Optics researchers have learned how to use lasers to inscribe nanoscale patterns into the surface of metals, thereby changing their color without having to use filters that cut down on light. One etched pattern creates the ideal "black body" that radiates all wavelengths equally, which the researchers tried on a tungsten lightbulb filament, resulting in a significant boost in efficiency. Will high-efficiency incandescent bulbs make a comeback against emerging solid-state lighting? I give them 50/50 odds. R.C.J.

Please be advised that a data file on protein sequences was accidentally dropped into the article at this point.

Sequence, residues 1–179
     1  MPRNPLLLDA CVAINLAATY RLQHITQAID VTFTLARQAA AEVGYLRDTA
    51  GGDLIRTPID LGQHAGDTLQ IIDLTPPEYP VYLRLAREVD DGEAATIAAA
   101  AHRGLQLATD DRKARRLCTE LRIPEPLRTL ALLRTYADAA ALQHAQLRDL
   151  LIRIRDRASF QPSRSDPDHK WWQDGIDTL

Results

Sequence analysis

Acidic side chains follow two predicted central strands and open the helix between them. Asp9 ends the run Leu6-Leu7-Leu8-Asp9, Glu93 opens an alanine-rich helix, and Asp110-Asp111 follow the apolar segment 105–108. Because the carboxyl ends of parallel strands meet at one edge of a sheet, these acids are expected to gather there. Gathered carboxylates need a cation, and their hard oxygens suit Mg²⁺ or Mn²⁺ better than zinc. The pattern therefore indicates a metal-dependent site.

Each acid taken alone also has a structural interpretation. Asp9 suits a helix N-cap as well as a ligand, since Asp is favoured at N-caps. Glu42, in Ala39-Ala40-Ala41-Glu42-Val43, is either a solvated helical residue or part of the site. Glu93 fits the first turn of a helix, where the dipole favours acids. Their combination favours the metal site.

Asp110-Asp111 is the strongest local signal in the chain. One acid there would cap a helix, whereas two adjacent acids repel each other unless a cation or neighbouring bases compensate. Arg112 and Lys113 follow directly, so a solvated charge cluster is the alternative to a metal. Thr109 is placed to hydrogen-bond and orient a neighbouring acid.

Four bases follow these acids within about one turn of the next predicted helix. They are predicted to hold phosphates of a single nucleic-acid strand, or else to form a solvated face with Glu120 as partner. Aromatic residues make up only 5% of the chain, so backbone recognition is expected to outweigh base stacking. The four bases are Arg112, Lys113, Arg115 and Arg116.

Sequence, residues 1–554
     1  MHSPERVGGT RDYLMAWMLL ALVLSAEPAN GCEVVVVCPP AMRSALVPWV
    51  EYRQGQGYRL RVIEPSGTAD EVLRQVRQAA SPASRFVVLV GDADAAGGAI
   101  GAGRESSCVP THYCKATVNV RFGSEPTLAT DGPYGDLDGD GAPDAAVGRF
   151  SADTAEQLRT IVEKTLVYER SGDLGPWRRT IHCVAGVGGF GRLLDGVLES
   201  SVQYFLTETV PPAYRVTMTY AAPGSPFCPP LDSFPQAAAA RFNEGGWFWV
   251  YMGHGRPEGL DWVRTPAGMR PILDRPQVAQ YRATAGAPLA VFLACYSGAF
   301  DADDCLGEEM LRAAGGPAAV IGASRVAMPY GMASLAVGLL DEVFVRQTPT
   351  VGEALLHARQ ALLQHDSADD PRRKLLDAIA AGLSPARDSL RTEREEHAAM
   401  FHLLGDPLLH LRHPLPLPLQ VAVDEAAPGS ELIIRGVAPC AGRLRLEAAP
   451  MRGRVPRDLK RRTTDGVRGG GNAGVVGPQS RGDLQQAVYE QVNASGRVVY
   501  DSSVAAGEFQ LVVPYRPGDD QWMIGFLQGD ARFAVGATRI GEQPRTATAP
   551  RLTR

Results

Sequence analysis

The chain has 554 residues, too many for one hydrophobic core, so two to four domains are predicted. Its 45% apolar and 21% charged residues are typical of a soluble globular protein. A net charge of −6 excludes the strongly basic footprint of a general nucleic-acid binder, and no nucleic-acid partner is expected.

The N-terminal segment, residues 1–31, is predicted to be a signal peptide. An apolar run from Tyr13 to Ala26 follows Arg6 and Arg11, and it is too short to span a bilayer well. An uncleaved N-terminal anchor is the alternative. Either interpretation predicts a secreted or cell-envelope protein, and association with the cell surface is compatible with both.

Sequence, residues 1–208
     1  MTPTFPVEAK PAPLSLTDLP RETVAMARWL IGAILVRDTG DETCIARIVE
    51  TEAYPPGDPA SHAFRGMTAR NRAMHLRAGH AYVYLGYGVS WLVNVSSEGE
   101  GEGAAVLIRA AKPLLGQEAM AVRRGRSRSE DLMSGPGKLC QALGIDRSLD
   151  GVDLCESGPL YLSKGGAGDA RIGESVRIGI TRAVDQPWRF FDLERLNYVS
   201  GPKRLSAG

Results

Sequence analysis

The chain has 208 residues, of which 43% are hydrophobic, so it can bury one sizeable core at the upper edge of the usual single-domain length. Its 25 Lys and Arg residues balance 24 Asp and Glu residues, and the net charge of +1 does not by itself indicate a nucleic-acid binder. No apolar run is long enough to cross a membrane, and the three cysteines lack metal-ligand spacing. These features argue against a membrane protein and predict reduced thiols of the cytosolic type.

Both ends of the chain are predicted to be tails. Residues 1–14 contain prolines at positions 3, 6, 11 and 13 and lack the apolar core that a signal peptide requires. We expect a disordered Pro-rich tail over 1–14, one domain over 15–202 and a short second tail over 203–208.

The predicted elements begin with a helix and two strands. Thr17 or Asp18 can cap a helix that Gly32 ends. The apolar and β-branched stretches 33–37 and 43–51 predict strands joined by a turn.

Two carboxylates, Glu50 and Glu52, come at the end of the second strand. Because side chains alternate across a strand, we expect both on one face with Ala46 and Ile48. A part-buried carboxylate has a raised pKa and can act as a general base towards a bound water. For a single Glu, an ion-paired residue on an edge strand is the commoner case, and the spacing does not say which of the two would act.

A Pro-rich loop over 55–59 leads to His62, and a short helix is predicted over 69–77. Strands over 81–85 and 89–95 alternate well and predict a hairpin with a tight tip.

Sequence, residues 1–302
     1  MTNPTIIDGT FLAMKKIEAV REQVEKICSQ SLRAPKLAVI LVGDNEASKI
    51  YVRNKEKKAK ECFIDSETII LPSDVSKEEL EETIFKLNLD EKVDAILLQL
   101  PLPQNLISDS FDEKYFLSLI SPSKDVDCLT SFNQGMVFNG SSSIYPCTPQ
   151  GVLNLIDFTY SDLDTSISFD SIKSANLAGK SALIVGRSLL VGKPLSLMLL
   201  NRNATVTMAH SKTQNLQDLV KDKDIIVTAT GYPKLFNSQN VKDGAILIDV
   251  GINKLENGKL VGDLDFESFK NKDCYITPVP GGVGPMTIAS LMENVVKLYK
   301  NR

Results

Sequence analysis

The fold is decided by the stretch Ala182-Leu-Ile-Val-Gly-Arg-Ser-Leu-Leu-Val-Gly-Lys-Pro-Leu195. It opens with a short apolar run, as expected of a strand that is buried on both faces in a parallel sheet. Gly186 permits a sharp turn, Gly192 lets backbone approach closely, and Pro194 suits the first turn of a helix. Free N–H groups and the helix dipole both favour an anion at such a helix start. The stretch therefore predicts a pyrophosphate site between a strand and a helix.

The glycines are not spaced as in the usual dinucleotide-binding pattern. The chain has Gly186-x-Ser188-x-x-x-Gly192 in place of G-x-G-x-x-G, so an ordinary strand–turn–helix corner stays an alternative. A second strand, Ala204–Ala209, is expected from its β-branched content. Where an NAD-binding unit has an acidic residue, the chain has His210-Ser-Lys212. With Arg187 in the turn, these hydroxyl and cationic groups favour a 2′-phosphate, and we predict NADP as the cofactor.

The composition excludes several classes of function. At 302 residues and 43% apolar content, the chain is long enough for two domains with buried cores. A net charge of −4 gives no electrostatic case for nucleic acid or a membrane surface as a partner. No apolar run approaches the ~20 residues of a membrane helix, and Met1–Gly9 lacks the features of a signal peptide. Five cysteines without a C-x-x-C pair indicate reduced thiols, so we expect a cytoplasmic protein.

Using ultrafast lasers to inscribe nanoscale patterns on the filaments of standard incandescent lightbulbs, researchers at the University of Rochester (N.Y.) were able to increase the bulbs' light-emitting efficiency dramatically, letting a 60-watt bulb shine as brightly as one rated for 100 W. The nanoscale patterns make the tungsten lightbulb filament a "black body" that is much more efficient at radiating light. Now the team is working to tailor the color of incandescent bulb filaments, not only to boost their efficiency but also to enable their light emission spectrum to be customized for different applications.